Images provided by: Hamamatsu University School of Medicine
Metastatic liver cancer typically appears as a ring-shaped enhancement during the hepatic arterial phase of dynamic contrast-enhanced imaging (Fig. 19). Because lesions normally contain substantial fibrous stroma, enhancement inside the lesions during the portal venous phase and transitional phase is often very faint and slightly prolonged though the entire lesion shows hypointense.
EOB-MRI has an extremely high detectability for metastatic liver cancer. A meta-analysis regarding the detection of colorectal liver metastasis reported 93% sensitivity and 87% specificity for EOB-MRI compared to 82% and 74% for contrast-enhanced CT and 74% and 94% for FDG-PET, demonstrating the superiority of EOB-MRI12). In colorectal cancer, resection of metastatic liver cancer is expected to improve patients' outcomes, hence liver resection is often considered for metastatic lesions. Even in such cases, it is reported that treatment strategy for colorectal liver metastases was altered in 19–37% of cases when adding EOB-MRI to routine contrast-enhanced CT13–15).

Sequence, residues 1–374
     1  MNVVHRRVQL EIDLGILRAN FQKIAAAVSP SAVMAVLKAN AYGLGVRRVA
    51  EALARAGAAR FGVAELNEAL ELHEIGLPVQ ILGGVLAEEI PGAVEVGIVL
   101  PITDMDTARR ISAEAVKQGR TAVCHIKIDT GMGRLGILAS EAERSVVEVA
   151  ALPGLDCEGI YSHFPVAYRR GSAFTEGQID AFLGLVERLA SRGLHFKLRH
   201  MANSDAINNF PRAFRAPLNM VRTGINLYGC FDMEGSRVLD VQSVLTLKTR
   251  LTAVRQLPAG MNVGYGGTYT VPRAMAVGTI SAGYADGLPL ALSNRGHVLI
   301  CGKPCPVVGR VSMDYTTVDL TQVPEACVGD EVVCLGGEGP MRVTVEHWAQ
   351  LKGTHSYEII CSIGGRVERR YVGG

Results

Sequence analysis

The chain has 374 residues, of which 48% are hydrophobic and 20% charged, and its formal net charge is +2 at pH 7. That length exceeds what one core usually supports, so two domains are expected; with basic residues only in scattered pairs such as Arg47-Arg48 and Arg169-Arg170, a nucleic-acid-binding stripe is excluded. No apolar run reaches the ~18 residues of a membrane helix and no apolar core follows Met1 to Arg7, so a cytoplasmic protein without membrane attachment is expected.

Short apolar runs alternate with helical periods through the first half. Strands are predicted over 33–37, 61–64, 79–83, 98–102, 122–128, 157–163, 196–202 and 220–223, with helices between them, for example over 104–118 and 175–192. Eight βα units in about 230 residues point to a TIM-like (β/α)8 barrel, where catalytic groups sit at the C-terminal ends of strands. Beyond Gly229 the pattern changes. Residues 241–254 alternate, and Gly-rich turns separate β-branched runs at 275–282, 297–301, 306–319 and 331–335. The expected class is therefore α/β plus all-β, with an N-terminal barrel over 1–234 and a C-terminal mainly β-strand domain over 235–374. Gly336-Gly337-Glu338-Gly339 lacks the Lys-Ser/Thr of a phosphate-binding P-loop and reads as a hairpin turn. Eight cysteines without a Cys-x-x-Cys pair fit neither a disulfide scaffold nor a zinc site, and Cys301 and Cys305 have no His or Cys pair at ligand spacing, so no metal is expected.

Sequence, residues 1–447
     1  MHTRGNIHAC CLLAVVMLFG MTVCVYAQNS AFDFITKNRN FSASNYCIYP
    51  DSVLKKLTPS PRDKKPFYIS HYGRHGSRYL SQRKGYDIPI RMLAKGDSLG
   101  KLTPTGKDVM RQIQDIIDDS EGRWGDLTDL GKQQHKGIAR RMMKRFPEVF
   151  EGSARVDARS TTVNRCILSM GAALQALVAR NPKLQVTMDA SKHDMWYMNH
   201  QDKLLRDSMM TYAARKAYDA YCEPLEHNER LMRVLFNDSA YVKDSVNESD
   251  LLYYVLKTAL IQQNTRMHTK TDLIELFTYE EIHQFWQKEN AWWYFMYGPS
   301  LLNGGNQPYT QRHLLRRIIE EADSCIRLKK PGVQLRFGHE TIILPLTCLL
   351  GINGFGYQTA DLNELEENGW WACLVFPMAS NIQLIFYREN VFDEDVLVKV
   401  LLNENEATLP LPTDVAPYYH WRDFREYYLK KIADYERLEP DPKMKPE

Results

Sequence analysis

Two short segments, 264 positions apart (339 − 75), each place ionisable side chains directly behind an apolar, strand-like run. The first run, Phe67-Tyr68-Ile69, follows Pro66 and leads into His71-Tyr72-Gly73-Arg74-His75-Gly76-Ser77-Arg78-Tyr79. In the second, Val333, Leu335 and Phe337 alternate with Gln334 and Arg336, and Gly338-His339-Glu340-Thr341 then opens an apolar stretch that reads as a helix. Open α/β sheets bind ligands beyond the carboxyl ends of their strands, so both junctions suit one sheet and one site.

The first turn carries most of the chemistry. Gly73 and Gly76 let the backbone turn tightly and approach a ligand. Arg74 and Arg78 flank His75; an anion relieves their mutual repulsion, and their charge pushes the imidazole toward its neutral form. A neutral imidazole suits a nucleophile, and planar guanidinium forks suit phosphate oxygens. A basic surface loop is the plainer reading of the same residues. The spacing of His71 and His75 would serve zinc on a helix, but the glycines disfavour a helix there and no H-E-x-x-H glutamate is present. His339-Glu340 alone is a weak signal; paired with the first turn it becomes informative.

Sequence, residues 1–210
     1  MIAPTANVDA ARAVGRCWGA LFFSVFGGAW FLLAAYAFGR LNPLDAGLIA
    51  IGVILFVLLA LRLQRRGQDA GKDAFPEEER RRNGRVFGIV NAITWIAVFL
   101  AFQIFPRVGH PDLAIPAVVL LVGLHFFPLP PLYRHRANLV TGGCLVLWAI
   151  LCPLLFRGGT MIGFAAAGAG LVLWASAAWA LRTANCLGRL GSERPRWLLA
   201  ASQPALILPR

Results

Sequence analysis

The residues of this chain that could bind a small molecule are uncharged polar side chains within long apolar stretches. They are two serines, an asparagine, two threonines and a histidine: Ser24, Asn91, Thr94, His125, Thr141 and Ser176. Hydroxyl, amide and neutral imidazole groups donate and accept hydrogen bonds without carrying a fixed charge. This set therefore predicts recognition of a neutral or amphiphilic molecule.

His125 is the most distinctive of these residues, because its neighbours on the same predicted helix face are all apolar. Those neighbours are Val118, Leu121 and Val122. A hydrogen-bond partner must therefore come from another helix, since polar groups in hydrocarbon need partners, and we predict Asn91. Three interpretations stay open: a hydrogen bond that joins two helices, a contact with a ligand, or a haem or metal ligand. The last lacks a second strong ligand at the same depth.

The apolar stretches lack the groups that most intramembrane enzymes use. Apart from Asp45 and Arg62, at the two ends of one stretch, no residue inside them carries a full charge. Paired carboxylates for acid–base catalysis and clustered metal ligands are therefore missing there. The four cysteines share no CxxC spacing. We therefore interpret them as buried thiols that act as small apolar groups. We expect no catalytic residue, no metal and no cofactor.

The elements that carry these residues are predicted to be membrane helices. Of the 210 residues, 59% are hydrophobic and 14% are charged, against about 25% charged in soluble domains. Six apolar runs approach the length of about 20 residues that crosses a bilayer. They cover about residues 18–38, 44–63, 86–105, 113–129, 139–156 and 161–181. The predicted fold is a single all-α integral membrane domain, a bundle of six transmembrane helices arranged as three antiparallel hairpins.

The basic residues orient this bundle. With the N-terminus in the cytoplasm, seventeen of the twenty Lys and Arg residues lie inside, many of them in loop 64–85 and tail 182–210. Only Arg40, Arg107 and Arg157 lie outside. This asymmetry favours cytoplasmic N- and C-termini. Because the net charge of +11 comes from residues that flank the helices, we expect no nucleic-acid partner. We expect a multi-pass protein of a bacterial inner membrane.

Pancreatic cancer is recognized as unresectable when liver metastases are detected, hence the detection of liver metastasis plays an extremely important role in determining whether a patient is indicated for resection of the primary lesion. The sensitivity for the detection pancreatic liver metastasis in EOB-MRI (Fig. 20) is reported as 82% by patient and 93% by lesion, which is clearly superior to that of contrast-enhanced CT (60% by patient and 75% by lesion)16) and also higher than that of contrast-enhanced MRI with an extracellular gadolinium-based contrast agent (95% vs. 84% sensitivity)17).
The tumor has a ring-shaped enhancement on the EOB-MRI hepatic arterial phase image (A) (). On the portal venous (B) and transitional phase (C) images, there is prolonged, faint enhancement within the tumor. On the hepatobiliary phase image (D), the tumor is distinctly hypointense (). On the T2-weighted image (E), the tumor is mildly-to-moderately hyperintense (), and on the diffusion-weighted image (F), the tumor is distinctly hyperintense (). Metastatic liver cancer may sometimes create a retraction in the liver surface (umbilication) ().